Wanda

    • No, I don’t know, but I just asked my science teacher dad and he said he doesn’t know but that it must be a density issue. The peaches become less dense when the sugars come out of the peaches and go into the water, which makes the water more dense and pushes the peaches up. That’s our best guess!
      Jennifer Jo’s last post: Some sweet stuff

  15. I enjoyed your post, although like Robin, I too was surprised that you mentioned using the open kettle method of canning and instructing people to simply let the jars seal on their own without processing them in a water bath canner for the correct time for their altitude.

    While canning may be an old-fashioned process, there are many things from long ago that were considered safe that are now no longer considered safe for health. Health issues aside, using unapproved methods for canning in the name of being old fashioned puts one at risk not only for food borne illness, but also the loss in the time, effort, money and love and care put into producing a food, if it should go bad using a method such as open kettle canning.

    I, too, believe that home food preservation is an important and lost/forgotten art, but there are ways to do this using modern knowledge to produce a safe, quality product.

    The National Center for Home Food Preservation offers excellent advice and tips for how to do this.
    http://uga.edu/nchfp
    Article referring to methods best left in the past.
    http://www.uga.edu/nchfp/how/general/equp_methods_not_recommended.html

    • Sarah, Thanks for your comment! There are many, many ways to do the same thing, and each person has his/her own limits for what they are comfortable with. I believe that our culture has gone overboard with safety issues (and not just in regards to food) and that fear can suck the living daylights out of us.

      But now I’m getting off-track. We were talking about canning…

      The methods I detailed in my post work great for me. I even reuse my canning lids (shh! don’t tell anyone!) to no ill effect. My experience is just that: my experience. Maybe it will inspire some to branch out and try new things, and maybe others will turn tail and run squealing in the other direction.

      And really, what do I know? I’m just a mom-of-four, schlumping around my kitchen in my bare feet, playing with my food and trying to keep my head above water…
      Jennifer Jo’s last post: Calling for corn

  16. Have you ever used honey instead of sugar for peaches or any other canned fruit?

    • I have never tried that, Michelle. Sorry, but I don’t think I can help you on that one. Anyone else have experience canning with honey in place of sugar?
      Jennifer Jo’s last post: Totally worth it

      • I have always done my Peaches, Pears, Nectarines and Apricots in “Honey” water. It turns out great!! I only add enough honey to taste. I heat the water and then add as much or as little honey to the water to my taste, pour over the fruit, then seal them, waterbath them and it is done! They are amazing!! It is important to use your own local honey to get all the health benifits if you suffer from allergies. Otherwise, any honey will do.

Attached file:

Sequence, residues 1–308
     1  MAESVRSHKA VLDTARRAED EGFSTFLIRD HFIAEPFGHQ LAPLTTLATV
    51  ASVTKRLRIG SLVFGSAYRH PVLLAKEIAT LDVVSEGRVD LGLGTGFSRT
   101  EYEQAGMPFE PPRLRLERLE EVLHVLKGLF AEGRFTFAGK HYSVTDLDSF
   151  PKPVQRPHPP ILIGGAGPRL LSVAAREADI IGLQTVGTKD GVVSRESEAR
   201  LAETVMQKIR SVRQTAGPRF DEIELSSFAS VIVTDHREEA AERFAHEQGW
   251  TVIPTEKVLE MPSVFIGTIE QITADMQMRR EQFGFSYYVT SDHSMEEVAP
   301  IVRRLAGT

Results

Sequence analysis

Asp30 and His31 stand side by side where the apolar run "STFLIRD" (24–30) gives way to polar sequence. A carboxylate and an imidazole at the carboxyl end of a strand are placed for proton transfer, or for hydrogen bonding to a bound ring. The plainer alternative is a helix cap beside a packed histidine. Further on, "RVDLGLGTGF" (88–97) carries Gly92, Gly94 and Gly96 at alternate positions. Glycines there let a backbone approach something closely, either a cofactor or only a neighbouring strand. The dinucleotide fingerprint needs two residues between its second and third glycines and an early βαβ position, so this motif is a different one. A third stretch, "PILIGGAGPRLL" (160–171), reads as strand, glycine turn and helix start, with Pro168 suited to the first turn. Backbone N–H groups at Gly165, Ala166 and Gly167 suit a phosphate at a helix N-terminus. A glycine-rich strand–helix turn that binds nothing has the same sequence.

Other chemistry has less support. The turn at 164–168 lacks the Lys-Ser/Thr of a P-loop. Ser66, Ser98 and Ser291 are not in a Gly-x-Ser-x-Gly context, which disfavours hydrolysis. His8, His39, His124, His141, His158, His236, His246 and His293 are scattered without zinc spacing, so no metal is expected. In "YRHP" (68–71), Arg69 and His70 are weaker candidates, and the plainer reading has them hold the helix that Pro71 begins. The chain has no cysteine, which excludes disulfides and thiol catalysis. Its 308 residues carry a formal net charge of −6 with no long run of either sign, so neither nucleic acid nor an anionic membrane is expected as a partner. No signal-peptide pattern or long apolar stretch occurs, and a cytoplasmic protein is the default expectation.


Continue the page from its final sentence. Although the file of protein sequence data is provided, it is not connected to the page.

17. I’m another one who uses the open kettle method (though I’ve never heard that term until today – hot pack would do it for me) for jams and pickles. But that’s normal where I’m from and it’s only low-acid foods that would be processed. The amount of sugar and/or vinegar combined with good hygiene while preparing and sterilising and filling your jars (I’m not sure I’d use a finger for wiping down rims for example but that might be because my fingers have a tendency to spend a lot of time in or near my mouth when I’m cooking :-) ) is more than sufficient for preserving purposes. The only time I’ve had things go wrong (a few jars of chutney the first year I made it) was because I overfilled the jars and didn’t check that the rims were really clean before closing the lids.

    Anyway, that wasn’t what I really wanted to say. I haven’t done any processing with honey but I remember reading on a blog (two frog home I think) once about a book, which has been on my wishlist since. Here’s a link to it on amazon today (saying that because who knows who might be reading this post in 20 years time when the link might not work anymore!): http://www.amazon.com/Putting-Up-Honey-Preserving-Cookbook/dp/0930356136 – it’s called Putting it Up with Honey.

  18. Great article on canning peaches. Nothing tastes better come January than a “fresh” peach! I’ve canned peaches for the last 3-4 years now and they’ve always turned out great but I have one question. When I pour water in my jars I really try to pay careful attention to how much head space I leave. However, after the water bath it seems that I have much less water in the jars and the tops of my peaches are exposed. Does anyone know what I’m doing wrong?

    • Karen, that happens to me sometimes, too. I think it’s because we aren’t getting all the pockets of air out of the jar—then when the fruit cooks, it compresses and the bubbles rise to the surface, and voila, there’s more head space then we started out with. It might help if you use a table knife to gently push the peaches to one side while adding the water. Go at it from several angles. You might want to even knock the jar on a wadded-up towel on the counter. Hope that helps!
      Jennifer Jo’s last post: Washing machine worship and other miscellany

  19. can you can the peaches if they have been cooked already and stored in the fridge?